What is your "go to" remedy to stay healthy? I am asked that question many times this time of year. My response is:
1. Sleep 2. Probiotics 3. Healthy nutrition habits 4. Appropriate supplements (if necessary).
I have been able to track my sleep patterns recently using the Timex Move X20. I love keeping a record of my sleep patterns. It's very interesting to see the good, bad, and ugly of my nightly sleep. I take a daily probiotic to help keep my gut healthy and fend off the common cold and upper respiratory infections. I try to keep a very simple nutrition pattern that includes nutrient dense choices.
I get my blood checked 2 times a year to see where I might need to supplement in order to keep things in balance. I usually find that I am deficient in Vitamin D and B12. So I use the appropriate supplementation to get back into balance. I also try to keep my immune system as strong as possible. So I use three products from Standard Process to stay in front of things. The first is Immuplex, which helps support normal range white blood cell activity. I also take Eleuthero, which helps to support immune system function, promotes vitality, physical, and mental endurance. Finally I use Ganoderma and Shiitake which helps to promote the body's normal resistance function. Stay healthy!
Career Highlights: 2009 USA Triathlon Amateur Athlete of the Year, 2012,2013, 2014 USA Triathlon Masters Athlete of the Year, 2014 USA Triathlon Olympic National Championship Masters Champion, 4 X Ironman 70.3 World Championship Age Group Winner (2008, 2009, 2012, 2013), 18 X 70.3 Overall Amateur Champion, 9 X Ironman World Champion Finisher (4 X Top 10 in Age Group), 2015 American Zofingen LC Champion, 2nd OA IM Maryland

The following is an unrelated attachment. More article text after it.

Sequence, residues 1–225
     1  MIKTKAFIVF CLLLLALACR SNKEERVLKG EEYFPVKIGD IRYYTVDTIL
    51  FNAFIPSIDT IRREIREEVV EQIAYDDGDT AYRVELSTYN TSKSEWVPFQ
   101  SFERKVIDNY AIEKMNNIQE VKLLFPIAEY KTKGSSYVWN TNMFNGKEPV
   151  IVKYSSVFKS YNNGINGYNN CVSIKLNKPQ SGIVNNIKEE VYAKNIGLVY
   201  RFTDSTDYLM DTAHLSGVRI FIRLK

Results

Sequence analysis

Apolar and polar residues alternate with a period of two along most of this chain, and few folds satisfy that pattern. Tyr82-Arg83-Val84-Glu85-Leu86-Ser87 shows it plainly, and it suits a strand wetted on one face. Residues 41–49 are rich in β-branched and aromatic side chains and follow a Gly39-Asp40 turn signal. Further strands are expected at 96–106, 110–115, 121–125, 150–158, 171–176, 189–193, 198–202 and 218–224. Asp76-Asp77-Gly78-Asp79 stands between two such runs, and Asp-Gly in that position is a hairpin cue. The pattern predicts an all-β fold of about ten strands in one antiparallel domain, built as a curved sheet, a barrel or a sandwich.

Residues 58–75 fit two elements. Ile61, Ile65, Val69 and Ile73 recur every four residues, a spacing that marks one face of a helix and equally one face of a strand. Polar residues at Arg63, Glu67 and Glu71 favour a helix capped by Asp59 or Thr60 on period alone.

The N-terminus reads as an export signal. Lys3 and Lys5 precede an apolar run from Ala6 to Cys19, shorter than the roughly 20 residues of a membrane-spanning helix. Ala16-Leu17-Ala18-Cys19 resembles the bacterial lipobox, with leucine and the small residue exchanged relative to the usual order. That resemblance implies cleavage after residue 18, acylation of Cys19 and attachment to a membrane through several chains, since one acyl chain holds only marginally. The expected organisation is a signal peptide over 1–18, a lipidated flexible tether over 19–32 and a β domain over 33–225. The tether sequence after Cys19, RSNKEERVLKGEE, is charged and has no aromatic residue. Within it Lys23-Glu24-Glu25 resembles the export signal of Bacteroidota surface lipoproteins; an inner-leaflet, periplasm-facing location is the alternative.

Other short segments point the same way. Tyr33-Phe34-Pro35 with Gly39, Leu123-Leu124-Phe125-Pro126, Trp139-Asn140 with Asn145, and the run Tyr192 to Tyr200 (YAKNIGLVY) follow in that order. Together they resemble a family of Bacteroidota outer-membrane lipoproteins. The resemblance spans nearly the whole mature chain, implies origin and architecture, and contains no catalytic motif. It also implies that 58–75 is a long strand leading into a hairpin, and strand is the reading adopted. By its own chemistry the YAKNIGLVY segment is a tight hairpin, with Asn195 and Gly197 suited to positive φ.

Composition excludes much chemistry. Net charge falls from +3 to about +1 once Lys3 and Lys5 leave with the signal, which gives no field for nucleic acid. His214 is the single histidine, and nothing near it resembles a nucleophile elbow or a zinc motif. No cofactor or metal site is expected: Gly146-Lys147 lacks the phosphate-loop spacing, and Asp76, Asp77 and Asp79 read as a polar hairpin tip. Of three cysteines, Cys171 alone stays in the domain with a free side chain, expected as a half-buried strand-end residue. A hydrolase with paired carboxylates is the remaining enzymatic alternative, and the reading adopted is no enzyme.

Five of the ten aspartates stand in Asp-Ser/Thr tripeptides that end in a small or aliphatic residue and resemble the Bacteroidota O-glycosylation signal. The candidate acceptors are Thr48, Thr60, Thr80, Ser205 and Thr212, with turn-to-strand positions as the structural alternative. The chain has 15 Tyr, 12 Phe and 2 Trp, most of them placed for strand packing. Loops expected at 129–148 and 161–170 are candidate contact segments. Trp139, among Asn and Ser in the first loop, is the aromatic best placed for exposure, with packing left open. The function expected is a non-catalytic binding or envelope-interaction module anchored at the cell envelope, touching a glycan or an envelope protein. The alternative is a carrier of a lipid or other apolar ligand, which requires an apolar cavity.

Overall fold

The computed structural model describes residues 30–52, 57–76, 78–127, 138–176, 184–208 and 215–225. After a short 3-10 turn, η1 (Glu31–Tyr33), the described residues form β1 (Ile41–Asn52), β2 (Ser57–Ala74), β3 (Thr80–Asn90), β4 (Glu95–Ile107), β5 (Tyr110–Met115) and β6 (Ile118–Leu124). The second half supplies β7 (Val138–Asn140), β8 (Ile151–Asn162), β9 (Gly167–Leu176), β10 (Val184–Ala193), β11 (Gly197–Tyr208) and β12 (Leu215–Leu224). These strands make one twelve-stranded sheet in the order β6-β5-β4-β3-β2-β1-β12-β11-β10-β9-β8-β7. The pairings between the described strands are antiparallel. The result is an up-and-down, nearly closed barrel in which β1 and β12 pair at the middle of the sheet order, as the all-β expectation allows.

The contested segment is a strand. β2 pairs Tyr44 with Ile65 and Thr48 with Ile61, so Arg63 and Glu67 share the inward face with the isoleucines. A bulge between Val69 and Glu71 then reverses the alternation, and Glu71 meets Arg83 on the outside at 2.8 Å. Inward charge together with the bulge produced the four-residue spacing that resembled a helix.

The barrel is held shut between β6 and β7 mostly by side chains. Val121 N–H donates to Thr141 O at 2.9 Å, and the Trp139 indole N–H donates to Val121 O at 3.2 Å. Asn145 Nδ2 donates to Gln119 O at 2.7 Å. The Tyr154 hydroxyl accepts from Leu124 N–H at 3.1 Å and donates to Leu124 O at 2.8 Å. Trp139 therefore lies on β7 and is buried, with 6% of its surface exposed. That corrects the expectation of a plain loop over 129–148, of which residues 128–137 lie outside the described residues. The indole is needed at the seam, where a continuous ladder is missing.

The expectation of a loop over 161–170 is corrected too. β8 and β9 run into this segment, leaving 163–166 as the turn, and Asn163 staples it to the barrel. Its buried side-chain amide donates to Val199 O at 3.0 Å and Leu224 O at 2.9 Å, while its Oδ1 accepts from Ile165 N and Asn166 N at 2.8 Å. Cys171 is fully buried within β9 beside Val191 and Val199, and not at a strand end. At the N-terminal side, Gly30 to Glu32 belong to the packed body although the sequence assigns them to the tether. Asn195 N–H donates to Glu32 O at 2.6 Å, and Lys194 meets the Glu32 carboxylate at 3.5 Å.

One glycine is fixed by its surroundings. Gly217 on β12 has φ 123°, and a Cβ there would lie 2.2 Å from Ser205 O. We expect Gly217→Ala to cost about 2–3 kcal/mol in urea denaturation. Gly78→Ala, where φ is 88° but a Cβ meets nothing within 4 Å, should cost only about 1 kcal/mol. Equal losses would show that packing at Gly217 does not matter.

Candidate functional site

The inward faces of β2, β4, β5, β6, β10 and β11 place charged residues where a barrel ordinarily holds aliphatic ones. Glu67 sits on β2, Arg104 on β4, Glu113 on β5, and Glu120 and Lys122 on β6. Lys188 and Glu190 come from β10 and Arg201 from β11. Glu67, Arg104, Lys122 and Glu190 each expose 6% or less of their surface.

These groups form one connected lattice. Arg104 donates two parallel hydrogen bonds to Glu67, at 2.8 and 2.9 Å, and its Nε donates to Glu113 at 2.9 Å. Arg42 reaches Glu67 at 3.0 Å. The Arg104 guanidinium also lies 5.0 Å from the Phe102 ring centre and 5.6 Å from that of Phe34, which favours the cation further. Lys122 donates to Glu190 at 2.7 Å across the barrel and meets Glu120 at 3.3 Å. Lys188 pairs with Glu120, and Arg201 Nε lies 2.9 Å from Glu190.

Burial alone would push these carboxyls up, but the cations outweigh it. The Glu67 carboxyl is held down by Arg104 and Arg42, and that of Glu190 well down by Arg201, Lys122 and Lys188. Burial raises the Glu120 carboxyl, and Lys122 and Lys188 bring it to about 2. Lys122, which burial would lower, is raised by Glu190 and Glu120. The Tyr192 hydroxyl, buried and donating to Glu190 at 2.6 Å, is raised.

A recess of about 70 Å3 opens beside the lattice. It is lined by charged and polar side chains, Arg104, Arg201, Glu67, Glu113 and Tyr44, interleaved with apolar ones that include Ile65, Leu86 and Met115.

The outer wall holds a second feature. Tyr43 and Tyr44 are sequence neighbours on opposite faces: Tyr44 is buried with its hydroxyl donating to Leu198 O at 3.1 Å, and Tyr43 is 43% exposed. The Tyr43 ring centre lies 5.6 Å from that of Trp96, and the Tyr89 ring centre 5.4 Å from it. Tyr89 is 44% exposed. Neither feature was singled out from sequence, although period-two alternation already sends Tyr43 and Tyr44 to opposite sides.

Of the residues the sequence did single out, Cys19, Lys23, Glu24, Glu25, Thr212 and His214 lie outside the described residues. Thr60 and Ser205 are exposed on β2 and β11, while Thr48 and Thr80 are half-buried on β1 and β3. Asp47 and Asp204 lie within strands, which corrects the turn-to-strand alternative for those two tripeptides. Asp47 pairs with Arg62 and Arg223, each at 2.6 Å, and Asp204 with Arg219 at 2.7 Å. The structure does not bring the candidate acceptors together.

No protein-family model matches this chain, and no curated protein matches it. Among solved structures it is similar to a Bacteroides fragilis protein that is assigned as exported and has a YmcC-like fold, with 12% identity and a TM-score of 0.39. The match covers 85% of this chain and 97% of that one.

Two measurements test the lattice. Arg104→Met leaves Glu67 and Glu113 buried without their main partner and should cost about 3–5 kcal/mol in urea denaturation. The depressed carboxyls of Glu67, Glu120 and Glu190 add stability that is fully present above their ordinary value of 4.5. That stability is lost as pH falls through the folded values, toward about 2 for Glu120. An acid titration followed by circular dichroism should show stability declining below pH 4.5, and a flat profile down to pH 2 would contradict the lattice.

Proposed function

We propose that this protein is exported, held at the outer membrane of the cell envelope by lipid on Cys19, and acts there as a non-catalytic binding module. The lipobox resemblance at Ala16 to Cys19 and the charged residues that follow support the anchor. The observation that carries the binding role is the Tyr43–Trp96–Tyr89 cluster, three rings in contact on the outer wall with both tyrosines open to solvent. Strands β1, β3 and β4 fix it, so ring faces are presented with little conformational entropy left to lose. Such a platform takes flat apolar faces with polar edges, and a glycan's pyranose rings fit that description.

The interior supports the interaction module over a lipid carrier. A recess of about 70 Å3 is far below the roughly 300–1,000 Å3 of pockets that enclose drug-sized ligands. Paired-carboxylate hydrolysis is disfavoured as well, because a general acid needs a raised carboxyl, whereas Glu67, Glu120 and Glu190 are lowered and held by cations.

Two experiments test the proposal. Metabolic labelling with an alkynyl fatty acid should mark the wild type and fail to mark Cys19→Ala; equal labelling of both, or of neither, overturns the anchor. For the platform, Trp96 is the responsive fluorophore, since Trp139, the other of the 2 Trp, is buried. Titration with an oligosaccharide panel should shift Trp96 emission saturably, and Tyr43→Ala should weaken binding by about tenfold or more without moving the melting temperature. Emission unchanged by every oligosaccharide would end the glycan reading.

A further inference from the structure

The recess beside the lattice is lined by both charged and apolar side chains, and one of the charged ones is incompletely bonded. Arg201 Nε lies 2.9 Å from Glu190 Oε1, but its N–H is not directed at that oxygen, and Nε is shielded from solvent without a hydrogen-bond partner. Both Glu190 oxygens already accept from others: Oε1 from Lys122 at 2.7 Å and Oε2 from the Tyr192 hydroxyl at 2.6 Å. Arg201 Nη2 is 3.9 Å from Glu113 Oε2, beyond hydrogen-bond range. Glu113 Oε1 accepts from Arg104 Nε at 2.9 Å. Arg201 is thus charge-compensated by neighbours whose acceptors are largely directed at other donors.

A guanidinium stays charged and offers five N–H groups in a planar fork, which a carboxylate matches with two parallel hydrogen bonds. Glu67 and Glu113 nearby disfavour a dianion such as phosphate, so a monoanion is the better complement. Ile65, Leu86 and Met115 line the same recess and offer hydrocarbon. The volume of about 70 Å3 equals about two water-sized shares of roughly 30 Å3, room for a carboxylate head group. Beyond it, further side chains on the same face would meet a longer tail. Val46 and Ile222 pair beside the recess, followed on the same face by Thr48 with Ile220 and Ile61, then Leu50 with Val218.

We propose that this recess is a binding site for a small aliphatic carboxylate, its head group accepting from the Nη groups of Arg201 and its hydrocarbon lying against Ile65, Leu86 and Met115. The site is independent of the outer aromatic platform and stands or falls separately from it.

I started competing in triathlon in the summer of 2000. I had always been intrigued by the sport since the early ‘80s when I would watch the Hawaii Ironman on TV. I got into running at a young age (6yrs old) as my father was a big marathon runner back in the late 70’s, early 80’s running boom. I did my first 10-mile road race when I was 10 years old. I also played ice hockey throughout my childhood and I stopped running my sophomore year in high school in order to completely focus on ice hockey. I did not run again until the fall of 1999. During that race, a friend of mine mentioned that he competed in sprint triathlons, short duration races lasting around one hour. I was immediately interested and I signed up for my first triathlon in July of 2000 up in Falmouth, Ma. I was immediately hooked. I loved the competition. I especially liked the aspect of the three sports and how one could continue to practice and improve in each sport. I believe all three sports compliment each other. I also really enjoyed the idea of challenging myself to see where I could get. So, while triathlon is a competition, I see it more as a race against yourself then others. It is a very addictive sport, but I think it’s probably one of the healthiest addictions that I know of. The training is also a great stress relief. I worked in New York City for the past 5 years and down on Wall Street for 2 years. The commute and the lifestyle can get pretty stressful at times. The training really helped me de-stress and stay focused. I have three little boys and I really enjoy sharing the sport with all three of them. I don’t care if they ever compete in a race, but I do believe it’s important to expose them to healthy opportunities in life. I would say that the hardest endurance scenario I’ve faced was actually the first half ironman I competed in up in Laconia, NH, which was the Timberman race. I’ve completed four full Ironman events, but that half ironman was my first attempt at the distance. I feel, in hindsight, that I just was not properly trained for the event. It was an incredible eye opening experience. I don’t think I’ve been more tired then the moment I crossed that finish line. However, the human mind is fascinating, as I was looking forward to the next race less then 24 hours after.